The next slide shows you a couple of spherules. These are large structures that reproduce by progressive cleavage and if you look at the cell on the left hand side you could notice there are lines that surround the periphery of that whole cell. Those are called cleavage furrows. This whole thing reproduces into endospores as a result of progressive cleavage. The cell at the bottom on the right hand side is a bit different, hard to tell what stage of development it really is in. You can just see the spherule wall there and it may not be at a point where it’s getting ready to divide yet.
The next slide shows you two very large spherules you’ve seen in a sample material used in a potassium hydroxide prep. The larger one, actually, there are three cells in there, two large ones and a smaller one about maybe 1:30, 2:00, the smaller cell is. You don’t see anything internally in those cells. You would look around to try to find if there are cells that contain endospores within them. But generally when you find these cells they are not containing endospores. It’s just kind of a given, that it’s going to be difficult to find the typical cell full of endospores.
This next slide shows you different stages of development of these spherules and some of those you can see actually contain endospores inside of them. There’s a cell at about maybe 11:00 o’clock up there that looks like two cells sitting adjacent to each other. It looks like for all the world it is a Blastomyces dermatitidis cell. This happens with Coccidioides, where two adjacent spherules stick together and that means you have to look around at all the fields to get a consensus of what’s there and you would find that most of the cells do not look like those two that are adjacent to each other. They look like the cells you see elsewhere on this slide, round cells that contain or may not contain the endospores that exhibit no budding.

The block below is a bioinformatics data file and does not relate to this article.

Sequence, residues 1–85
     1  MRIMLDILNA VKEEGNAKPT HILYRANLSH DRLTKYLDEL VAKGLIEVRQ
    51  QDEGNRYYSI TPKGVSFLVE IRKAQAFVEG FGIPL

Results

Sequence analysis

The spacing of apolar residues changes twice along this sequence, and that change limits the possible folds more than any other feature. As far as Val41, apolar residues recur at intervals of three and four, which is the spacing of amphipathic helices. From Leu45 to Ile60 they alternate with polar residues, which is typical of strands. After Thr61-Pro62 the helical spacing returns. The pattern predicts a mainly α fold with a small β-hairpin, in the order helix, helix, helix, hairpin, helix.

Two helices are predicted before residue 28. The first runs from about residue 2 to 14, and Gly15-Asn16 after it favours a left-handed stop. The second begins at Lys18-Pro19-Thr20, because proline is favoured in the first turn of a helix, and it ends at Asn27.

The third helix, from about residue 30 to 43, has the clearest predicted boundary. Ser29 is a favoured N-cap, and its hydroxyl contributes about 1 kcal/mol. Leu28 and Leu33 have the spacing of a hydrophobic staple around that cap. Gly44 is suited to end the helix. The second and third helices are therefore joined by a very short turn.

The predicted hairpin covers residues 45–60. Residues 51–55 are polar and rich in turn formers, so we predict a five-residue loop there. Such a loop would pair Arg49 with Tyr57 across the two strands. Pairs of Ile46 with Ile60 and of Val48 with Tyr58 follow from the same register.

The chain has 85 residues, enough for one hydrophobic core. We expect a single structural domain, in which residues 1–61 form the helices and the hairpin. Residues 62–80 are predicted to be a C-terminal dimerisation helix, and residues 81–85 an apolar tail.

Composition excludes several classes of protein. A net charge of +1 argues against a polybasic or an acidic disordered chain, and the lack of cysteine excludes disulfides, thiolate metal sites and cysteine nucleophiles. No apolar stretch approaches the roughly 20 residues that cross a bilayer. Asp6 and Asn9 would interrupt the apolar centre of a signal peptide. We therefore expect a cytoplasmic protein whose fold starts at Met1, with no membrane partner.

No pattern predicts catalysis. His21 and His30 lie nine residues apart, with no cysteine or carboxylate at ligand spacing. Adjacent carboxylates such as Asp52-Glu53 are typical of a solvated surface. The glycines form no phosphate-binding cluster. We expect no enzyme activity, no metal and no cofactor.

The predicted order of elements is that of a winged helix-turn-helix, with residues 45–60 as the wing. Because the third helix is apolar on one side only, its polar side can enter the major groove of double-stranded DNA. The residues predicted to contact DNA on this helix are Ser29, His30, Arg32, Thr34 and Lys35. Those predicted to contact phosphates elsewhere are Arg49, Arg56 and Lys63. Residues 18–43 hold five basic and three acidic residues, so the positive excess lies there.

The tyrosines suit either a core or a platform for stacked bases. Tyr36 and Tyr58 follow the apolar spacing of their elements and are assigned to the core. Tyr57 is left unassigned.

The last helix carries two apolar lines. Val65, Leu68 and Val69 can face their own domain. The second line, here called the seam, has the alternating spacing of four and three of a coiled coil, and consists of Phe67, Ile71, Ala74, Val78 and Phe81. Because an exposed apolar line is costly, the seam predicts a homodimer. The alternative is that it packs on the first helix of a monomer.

The next slide shows you a gigantic spherule containing endospores. Inside there are the endospores that have no buds on them at all and they are produced inside this cell by progressive cleavage. This spherule ruptures, endospores pour out in the tissue, they in turn enlarge and form spherules again and they after that produce endospores and the cycle just keeps on going like that until it’s broken.
The next slide shows you two cells, two spherules that are sitting adjacent to each other that look just like slides that you see of Blastomycetes. You can almost see a broad based bud between them. In that case, you would have to continue looking around to see if you could see something that is either better or it tells you that it is not Blastomycetes.